The Top 5 Cyclists of All-Time (according to me…) Part 3 – David Millar
I’ve been following cycling since I was plonked in front of the Channel 4 programme back in 1997, the year that Jan Ulrich won his Tour. The following year I followed the whole thing and saw Marco Pantani zoom off and win.
This list is those that have captured my attention and been the stuff of dreams ever since!
3 – David Millar
I’ll be honest here, I lost touch with cycling a bit in the early 00s, it had reached a similar situation to Formula 1 where one guy, in the best team with the best technology just romped home every year. The Tour as a spectacle was finished. As it was, I first picked up on the David Millar story on his Tour comeback with Saunier Duval.
Millar’s early success came from mainly time trials and prologues. taking the yellow jersey after winning the 2000 Prologue. He narrowly lost out on winning the 2003 Prologue in Paris because his chain came off within the last 500 metres. In typical outspoken Millar fashion, he took aim at the directeur sportif who had made the decision to not fit a front derailleur. He lost that Prologue by a mere 0.14 seconds.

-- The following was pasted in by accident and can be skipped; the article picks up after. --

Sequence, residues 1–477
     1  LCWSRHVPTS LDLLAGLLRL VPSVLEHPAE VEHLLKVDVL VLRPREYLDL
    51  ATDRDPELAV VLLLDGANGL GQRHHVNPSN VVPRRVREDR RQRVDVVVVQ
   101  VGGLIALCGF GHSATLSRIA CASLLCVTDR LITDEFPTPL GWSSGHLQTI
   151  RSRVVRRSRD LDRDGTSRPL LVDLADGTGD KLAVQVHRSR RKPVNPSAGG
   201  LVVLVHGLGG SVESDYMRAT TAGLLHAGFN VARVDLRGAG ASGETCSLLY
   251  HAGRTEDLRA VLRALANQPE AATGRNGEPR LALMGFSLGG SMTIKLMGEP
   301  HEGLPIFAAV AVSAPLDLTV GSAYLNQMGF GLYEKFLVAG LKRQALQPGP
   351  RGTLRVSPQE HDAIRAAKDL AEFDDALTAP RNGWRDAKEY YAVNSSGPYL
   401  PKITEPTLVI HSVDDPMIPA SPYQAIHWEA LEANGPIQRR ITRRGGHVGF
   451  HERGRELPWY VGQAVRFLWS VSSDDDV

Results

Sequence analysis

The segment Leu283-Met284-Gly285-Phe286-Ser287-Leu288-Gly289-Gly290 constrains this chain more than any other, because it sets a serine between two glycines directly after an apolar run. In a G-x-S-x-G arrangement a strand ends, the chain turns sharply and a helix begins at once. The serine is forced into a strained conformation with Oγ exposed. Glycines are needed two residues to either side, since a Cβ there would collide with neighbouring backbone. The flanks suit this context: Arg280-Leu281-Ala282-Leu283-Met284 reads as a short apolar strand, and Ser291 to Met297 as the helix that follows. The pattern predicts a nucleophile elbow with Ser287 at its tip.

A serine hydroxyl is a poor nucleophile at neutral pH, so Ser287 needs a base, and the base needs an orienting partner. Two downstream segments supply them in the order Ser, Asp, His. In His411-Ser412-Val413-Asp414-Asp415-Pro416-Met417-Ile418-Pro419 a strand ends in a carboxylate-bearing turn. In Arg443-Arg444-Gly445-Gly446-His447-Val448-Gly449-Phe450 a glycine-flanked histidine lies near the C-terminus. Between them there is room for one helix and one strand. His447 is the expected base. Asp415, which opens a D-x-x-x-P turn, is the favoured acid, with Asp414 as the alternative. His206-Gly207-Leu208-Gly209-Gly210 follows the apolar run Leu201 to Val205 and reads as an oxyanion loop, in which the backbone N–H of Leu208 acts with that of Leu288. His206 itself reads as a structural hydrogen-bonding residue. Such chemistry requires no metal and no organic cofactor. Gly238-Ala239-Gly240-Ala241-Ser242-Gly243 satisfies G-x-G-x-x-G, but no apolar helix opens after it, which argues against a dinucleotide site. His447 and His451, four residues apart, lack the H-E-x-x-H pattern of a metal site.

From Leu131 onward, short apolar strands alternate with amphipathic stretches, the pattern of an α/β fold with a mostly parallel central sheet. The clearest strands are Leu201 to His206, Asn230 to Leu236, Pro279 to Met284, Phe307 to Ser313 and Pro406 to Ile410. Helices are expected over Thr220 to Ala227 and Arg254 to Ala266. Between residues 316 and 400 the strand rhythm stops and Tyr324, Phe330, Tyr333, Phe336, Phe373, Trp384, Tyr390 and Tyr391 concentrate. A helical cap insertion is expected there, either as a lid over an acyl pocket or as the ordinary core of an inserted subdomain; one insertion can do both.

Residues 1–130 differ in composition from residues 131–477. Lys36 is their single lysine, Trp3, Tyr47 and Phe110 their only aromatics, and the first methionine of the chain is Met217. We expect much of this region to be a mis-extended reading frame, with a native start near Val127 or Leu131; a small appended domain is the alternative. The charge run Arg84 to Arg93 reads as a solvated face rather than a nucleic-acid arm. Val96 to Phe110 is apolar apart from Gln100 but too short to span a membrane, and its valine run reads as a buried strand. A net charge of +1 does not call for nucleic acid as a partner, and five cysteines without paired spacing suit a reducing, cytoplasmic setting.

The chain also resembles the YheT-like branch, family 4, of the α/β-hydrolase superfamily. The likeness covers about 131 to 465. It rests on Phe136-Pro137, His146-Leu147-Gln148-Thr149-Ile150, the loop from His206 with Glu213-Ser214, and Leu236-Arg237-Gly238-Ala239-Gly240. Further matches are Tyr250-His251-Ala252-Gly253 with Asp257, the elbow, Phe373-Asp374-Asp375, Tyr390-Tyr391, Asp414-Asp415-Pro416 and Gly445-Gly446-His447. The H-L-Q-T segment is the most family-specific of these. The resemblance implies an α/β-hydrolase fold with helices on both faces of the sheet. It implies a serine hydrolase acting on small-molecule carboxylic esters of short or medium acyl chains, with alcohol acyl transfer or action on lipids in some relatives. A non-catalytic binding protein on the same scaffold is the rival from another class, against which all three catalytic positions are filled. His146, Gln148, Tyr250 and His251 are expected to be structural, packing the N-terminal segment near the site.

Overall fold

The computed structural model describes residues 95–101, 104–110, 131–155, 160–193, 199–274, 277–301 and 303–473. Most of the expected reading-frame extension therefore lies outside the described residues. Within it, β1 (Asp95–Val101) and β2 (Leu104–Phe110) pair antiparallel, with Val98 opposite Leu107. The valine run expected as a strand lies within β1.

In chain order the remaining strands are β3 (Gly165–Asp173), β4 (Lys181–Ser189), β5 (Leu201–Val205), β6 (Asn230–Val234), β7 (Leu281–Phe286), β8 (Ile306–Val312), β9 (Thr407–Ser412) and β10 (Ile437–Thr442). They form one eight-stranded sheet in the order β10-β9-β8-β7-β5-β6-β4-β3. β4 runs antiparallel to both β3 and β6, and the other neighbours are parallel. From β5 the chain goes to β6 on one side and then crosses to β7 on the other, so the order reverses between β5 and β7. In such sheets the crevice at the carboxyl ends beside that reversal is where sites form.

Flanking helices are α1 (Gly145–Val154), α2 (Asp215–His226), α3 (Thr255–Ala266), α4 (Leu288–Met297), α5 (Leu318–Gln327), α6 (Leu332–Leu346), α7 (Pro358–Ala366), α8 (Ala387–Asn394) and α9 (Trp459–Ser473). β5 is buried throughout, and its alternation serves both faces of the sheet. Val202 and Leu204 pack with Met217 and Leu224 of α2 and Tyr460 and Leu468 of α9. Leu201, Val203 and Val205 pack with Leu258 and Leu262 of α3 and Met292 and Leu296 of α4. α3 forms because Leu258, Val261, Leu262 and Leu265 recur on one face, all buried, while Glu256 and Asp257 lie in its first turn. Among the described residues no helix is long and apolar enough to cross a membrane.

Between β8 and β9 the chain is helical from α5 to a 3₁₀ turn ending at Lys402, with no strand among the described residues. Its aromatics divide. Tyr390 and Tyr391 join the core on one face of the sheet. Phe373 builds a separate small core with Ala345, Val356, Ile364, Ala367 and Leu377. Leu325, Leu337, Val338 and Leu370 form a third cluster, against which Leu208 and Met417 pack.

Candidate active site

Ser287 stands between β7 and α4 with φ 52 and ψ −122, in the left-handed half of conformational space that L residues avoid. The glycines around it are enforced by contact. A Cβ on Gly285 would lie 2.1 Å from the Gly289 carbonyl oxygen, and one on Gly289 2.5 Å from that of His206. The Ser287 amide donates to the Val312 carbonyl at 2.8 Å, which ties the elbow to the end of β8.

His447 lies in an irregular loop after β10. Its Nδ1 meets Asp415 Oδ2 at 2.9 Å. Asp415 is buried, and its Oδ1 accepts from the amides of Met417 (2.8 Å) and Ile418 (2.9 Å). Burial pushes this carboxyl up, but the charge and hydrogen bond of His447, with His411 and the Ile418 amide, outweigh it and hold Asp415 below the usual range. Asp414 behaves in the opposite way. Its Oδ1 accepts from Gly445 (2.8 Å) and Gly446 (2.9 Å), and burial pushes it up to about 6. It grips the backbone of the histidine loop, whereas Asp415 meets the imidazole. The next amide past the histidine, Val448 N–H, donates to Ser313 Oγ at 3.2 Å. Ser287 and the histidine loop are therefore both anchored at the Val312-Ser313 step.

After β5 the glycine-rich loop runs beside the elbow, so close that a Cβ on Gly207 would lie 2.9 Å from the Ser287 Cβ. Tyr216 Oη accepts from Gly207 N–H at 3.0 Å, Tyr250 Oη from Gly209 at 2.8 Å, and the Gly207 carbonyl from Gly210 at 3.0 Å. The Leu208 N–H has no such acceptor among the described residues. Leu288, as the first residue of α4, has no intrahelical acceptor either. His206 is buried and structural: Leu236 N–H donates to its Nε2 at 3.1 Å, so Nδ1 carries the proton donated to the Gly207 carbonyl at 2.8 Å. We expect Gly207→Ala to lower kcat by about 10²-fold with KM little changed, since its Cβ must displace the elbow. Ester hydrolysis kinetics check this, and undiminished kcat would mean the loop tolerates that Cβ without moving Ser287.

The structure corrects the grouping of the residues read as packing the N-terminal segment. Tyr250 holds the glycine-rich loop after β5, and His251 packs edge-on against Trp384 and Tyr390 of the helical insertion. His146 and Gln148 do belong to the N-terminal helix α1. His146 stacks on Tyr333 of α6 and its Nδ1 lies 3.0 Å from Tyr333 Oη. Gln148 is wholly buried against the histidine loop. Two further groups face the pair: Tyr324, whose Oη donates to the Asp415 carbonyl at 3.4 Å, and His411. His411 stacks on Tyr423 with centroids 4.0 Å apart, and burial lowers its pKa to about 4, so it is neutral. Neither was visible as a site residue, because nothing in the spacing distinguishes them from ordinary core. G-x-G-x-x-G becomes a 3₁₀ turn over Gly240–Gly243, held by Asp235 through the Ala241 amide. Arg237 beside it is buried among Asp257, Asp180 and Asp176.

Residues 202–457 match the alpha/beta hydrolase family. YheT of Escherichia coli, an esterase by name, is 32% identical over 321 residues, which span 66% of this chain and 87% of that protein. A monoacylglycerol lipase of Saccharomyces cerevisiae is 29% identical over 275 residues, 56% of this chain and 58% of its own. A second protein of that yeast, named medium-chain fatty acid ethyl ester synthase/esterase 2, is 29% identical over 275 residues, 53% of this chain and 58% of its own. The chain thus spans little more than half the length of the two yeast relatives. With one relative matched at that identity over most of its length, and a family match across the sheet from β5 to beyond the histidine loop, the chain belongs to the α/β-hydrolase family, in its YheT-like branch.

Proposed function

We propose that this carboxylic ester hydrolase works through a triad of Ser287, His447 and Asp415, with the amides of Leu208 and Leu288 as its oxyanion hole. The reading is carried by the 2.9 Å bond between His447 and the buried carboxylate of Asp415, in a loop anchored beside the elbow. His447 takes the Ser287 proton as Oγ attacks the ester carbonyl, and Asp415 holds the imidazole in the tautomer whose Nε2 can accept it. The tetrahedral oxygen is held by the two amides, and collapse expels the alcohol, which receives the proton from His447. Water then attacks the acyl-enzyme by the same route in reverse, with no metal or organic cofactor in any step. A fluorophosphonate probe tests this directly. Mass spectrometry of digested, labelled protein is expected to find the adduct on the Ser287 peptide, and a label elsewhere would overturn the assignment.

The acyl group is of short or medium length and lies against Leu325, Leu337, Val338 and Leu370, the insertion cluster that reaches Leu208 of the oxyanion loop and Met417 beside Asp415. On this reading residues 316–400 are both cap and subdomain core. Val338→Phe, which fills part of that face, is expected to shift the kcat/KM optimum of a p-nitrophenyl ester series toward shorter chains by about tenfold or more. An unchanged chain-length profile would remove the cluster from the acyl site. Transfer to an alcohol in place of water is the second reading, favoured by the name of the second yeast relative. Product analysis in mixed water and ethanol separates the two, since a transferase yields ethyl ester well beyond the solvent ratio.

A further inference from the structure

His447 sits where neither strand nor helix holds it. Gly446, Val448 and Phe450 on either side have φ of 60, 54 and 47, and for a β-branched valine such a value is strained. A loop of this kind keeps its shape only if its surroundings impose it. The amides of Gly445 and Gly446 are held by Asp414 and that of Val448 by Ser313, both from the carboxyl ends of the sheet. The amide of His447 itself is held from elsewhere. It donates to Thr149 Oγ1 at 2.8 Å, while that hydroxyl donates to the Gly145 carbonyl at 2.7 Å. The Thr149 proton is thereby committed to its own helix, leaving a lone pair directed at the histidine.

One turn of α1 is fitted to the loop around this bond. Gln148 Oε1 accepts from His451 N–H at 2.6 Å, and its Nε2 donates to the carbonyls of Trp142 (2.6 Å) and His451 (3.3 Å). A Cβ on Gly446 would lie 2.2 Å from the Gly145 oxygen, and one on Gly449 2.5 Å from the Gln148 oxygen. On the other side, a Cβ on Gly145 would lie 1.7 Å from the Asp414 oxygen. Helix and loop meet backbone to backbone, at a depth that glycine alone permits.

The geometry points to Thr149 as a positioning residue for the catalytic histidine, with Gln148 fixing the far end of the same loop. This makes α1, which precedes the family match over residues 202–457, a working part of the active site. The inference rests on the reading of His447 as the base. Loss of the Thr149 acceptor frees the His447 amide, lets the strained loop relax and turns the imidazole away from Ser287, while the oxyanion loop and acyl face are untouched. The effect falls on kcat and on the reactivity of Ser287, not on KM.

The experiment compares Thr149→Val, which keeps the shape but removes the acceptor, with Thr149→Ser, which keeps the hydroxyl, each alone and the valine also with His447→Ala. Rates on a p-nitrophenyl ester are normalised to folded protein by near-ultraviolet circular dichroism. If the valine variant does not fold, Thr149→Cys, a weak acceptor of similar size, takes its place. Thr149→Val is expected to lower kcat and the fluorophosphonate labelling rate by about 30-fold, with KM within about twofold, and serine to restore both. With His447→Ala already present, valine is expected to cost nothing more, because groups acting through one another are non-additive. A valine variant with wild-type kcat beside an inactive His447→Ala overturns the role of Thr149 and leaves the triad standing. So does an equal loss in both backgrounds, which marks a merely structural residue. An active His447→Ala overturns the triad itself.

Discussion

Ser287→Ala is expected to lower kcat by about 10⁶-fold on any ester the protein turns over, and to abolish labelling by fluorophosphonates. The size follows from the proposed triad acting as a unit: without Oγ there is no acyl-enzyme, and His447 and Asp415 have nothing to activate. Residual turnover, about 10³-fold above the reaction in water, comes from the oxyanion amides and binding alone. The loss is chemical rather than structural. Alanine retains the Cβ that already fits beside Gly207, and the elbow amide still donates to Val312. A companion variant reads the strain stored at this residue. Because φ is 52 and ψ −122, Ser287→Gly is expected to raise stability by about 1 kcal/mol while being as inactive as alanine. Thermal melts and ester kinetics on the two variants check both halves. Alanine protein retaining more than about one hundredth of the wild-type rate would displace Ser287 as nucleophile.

Here was a guy with a point to prove and he was the first rider I remember being bluntly outspoken about the effects of doping. People asking stupid questions were told where to go and he put in a decent performance.
Since then he’s been the pinnacle of the reformed doper, coming back to the peloton to clean it up. He’s managed big wins as a clean rider, such as stages in the 2006 & 2009 Vuelta, 2007 Paris – Nice prologue, a 2011 Giro stage and a 2012 Tour de France stage. In my mind he will always be a cut above those who denied it and denied it for years like a Floyd Landis or Lance Armstrong. He is still one of the few doping cases I can think of where he owned up pretty much straight away and to me this shows an awful lot about David Millar’s character.
As a rider he became an elite domestique, capable of a good result on his day in almost any field but usually seen marshalling the Garmin troops. David Millar was the only rider in the peloton that you could see fronting an indie band or becoming a tortured novelist, this is what makes him stand out, a rider with a deep complex brooding personality. I would definitely want him on my side. He’s since become a very good part of the ITV4 cycling broadcasting team and a welcome addition to the team with Chris Boardman.